So you’ve got a multisite platform in Drupal, WordPress, or another CMS? And you want to use Tugboat? Great news—Tugboat has support for that!
There are a few different CMS platforms out there that have multisite capabilities, most notably, Drupal and WordPress. While the name and technology may be different under the hood it’s mostly the same: you have different websites that all use the same code and the same server infrastructure.
Like Tugboat, using multisite can drastically reduce infrastructure costs for large organizations with multiple departments or agencies, such as schools and universities, medical and healthcare institutions, government organizations, and the like. This is because multisite only needs a single large server stack to host hundreds, even thousands of sites.
Adding Tugboat to that mix results in deeper cost savings by further reducing infrastructure expenses, and giving your team loads of time back in development and testing. If you’re an engineer setting up Tugboat for your multisite project, you’re in the right place. The remainder of this article will describe how Tugboat’s aliases configuration works with multisite.
Let’s enter the land of make-believe to a school named Hogwarts that has many websites for different departments, using Drupal multisite on a single shared codebase. Maybe a few of those sites are:
You are an engineer working on these sites, and have been tasked with bringing Tugboat on at Hogwarts so that you can further reduce hosting costs and squash bugs—or should we say pixies? After first getting Tugboat set up, your Tugboat dashboard might look like this:
You can see we have a single Preview for a pull request that updates the Defense Against the Dark Arts. Especially of note, the Preview button itself is a single button. You have one Preview, you get one Preview URL. When you click the Preview button, you are taken to https://pr18-eqwhq9aa9sfvf0abqu2m0zduuzrjy92l.tugboat.qa.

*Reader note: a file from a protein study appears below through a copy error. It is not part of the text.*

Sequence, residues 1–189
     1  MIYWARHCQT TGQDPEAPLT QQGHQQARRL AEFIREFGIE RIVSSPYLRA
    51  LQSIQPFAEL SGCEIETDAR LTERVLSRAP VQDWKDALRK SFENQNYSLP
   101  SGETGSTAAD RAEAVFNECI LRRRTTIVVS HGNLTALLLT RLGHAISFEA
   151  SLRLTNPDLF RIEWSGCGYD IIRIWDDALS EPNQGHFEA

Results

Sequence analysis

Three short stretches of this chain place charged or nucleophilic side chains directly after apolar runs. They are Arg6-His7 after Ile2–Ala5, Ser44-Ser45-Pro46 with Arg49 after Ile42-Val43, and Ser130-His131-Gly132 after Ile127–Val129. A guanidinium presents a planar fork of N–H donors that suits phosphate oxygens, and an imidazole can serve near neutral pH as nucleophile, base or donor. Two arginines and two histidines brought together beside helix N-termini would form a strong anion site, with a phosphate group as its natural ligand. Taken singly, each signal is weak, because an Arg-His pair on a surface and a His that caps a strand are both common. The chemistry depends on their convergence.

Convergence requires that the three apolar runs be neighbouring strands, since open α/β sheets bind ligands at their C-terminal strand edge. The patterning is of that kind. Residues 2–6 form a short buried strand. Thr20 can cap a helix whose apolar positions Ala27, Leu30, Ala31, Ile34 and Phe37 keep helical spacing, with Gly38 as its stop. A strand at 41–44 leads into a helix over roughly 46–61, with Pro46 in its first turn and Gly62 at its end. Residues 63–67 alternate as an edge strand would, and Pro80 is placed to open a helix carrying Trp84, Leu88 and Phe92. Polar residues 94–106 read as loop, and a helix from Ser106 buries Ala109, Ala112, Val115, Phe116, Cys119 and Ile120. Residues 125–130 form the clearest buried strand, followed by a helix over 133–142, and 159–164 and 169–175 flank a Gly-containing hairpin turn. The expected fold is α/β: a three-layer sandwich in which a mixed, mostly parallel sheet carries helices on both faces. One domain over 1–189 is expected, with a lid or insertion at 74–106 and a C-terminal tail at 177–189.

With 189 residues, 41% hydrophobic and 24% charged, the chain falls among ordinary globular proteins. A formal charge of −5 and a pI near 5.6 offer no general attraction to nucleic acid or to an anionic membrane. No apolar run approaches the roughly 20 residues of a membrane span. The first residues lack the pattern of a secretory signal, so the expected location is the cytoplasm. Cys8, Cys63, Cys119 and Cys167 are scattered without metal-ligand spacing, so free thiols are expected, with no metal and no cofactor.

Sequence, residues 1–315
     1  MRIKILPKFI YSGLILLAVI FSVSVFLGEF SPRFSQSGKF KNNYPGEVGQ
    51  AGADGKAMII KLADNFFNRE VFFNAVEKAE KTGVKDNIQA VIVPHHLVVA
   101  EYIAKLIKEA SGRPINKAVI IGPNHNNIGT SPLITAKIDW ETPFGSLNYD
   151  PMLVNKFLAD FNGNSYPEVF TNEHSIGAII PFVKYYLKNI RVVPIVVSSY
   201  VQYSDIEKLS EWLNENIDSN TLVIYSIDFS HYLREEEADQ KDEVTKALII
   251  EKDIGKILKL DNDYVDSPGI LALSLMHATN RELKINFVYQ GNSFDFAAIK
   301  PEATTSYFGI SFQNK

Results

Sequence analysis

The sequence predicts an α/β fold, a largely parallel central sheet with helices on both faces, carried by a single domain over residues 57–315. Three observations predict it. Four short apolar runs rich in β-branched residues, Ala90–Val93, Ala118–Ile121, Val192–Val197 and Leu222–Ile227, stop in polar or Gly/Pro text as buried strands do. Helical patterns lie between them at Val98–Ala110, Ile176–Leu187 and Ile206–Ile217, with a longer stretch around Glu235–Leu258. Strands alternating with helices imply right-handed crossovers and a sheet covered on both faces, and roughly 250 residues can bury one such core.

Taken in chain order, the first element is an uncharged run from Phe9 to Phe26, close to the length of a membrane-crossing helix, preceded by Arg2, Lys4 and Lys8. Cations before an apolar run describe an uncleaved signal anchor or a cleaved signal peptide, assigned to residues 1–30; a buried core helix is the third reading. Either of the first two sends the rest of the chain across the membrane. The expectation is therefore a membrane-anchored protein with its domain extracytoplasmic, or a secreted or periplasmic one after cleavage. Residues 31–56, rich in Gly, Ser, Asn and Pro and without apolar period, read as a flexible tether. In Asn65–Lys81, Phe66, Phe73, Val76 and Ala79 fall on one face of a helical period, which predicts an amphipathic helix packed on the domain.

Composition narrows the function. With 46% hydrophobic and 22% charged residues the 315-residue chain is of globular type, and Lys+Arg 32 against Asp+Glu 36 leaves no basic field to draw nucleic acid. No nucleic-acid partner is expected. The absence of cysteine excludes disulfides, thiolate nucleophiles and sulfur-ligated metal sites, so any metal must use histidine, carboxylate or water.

Let’s change that so that for every Tugboat Preview, you get multiple URLs, one for each site in your Drupal multisite.
To make this change, we need to pop open the Tugboat config. Maybe your Tugboat config looks something like this:
The php service is the default service, which means it’s where the Tugboat Preview URL will direct requests to. To add new URLs, we will use the aliases configuration, like so:
Here, we’ve added 4 aliases to the PHP service, one for each of the sites. I’ve named each alias after the subdomain of each one; for example, arithmancy is the alias to correlate with the arithmancy.hogwarts.edu site. Let’s see what happens in Tugboat when I rebuild that Preview with this new configuration.
After the rebuild is complete, Tugboat now presents a drop-down inside of the Preview button. Clicking that little drop-down arrow reveals the different URLs Tugboat has used:
Before I added aliases, I just had a single Preview button with a single URL (https://pr18-eqwhq9aa9sfvf0abqu2m0zduuzrjy92l.tugboat.qa/). Now that I’ve added 4 aliases, I get 4 more URLs, one for each alias. Brilliant. Each alias is placed in front of the Preview’s unique URL token and separated by a hyphen. That means each aliased URL will be in the form of https://[alias]-[token].tugboat.qa.
Note: the following instructions assume you already have some understanding of how Drupal multisite works, and will just be making changes to recognize the Tugboat URLs. Make sure to consult the Drupal multisite documentation for your version of Drupal.